GENESEE COUNTY — On Monday, Dec. 2, the Michigan Court of Appeals struck down a Genesee County ban on tobacco sales and related products to people under the age of 21.
The county can’t adopt a regulation that is stricter than state law, which allows tobacco sales to anyone who is at least 18, the age of majority, according to the appeals court ruling.
In a 3-0 opinion, the court affirmed a decision by Genesee County Circuit Court Judge Judith Fullerton, who on June 19, 2017, ruled against Tobacco 21, the effort to ban sales of tobacco and related products to anyone under 21.
The ordinance, which was to become effective May 15, 2017, was approved by Genesee County commissioners in
2017 but was not enforced because of a lawsuit. Then- Commissioner Drew Shapiro voted against the measure claiming it was unenforceable.
The lawsuit, filed May 12, 2017, by RPF Oil Company in Grand Blanc, challenged that ordinance. The lawsuit alleged that the regulation, adopted by the Genesee County Board of Commissioners on Feb. 14, 2017 is in direct conflict with the Age of Majority Act (MCL 722.51), and directly conflicts with the sign requirements of the Youth Tobacco Act (MCL 722.641(2).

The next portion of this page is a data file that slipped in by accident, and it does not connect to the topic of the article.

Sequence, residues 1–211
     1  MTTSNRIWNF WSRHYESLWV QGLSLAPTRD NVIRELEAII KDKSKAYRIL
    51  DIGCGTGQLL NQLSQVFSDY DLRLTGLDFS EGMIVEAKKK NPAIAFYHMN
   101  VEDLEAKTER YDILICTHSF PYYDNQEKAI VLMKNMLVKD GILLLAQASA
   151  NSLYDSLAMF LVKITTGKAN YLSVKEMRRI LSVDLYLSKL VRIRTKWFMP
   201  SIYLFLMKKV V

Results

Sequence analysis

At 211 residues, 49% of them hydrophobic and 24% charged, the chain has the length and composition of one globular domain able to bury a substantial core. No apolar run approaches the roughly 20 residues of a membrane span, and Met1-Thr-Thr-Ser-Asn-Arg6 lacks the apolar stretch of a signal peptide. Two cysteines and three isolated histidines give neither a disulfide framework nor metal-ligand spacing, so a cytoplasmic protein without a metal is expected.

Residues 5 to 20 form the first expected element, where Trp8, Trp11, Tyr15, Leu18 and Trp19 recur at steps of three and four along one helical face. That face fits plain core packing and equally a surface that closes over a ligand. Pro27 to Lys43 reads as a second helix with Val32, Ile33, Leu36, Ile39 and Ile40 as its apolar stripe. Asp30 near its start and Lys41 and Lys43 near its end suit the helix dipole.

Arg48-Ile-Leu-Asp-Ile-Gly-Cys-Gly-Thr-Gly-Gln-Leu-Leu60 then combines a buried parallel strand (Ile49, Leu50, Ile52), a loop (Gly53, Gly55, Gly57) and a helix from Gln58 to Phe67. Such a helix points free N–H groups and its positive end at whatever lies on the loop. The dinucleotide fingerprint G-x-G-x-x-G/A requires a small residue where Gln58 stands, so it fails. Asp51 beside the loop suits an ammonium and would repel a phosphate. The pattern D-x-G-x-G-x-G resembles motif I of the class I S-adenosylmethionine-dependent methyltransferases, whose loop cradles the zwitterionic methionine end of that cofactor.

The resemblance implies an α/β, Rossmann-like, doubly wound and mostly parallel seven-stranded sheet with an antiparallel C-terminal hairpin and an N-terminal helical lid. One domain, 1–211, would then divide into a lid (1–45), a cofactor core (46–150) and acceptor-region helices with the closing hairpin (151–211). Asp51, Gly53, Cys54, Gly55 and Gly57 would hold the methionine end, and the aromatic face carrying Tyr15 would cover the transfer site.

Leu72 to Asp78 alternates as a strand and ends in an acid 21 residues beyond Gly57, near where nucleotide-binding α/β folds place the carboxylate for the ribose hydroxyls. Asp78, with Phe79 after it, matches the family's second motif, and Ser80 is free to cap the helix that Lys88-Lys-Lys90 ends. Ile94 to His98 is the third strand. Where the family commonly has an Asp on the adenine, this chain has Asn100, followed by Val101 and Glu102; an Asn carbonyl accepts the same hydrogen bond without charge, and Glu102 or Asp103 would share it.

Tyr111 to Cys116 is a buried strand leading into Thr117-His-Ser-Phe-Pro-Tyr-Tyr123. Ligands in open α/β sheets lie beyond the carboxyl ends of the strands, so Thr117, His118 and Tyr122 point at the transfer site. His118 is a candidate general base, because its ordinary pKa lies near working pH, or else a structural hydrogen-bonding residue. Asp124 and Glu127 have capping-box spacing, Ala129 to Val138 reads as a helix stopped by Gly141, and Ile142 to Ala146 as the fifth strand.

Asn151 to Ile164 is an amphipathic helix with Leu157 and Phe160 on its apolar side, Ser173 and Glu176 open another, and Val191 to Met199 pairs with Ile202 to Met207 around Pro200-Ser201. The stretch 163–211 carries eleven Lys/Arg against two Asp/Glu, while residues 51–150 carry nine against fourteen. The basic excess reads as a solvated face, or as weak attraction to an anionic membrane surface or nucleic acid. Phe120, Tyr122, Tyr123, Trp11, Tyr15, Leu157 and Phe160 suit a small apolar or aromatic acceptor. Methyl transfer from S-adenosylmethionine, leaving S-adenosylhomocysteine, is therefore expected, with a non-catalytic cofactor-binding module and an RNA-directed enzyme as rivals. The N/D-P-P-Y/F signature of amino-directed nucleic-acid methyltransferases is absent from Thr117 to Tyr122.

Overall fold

The Court of Appeals agreed.
Supporters of the ordinance said it was intended to discourage young people from smoking. The ordinance didn’t ban young adults from using tobacco products in Genesee County — just buying them.
University of Michigan researchers say raising the age to buy tobacco could save thousands of lives.
Big national retailers, however, have done what Genesee County could not and have made their own policies on what age individuals should be to purchase tobacco products.
On April 23 of this year, Walgreens announced it would be implementing a new chainwide policy that will require customers to be at least 21 years old in order to buy tobacco products in its stores.
Walgreens joins Rite-Aid and Walmart, which earlier this year raised the age to 21 to buy tobacco products. CVS stores ceased selling tobacco products altogether in 2014.
Walgreens’ new policy became effective Sunday, Sept. 1, and claims it is their most recent step in an ongoing effort to further prevent youth access to tobacco products, according to the retailer’s press release.
“We’ve seen positive results from other recent efforts to strengthen our policies related to tobacco sales, and believe this next step can be even more impactful to reduce its use among teens and young adults,” said Richard Ashworth, Walgreens president of operations in April. “Through ongoing training and certification for pharmacists and technicians, we also continue to help and support people looking to quit the use of tobacco in their lives.”
Walgreens has supported such legislative proposals. Studies have shown cities that have enacted Tobacco 21 laws have seen a sharp decline in tobacco use among young adults 18-20 years old, according to the Walgreens officials.
Additionally, the company continues to focus efforts on promoting cessation products and services, and offers a comprehensive suite of digital information and support tools to patients who want to quit smoking.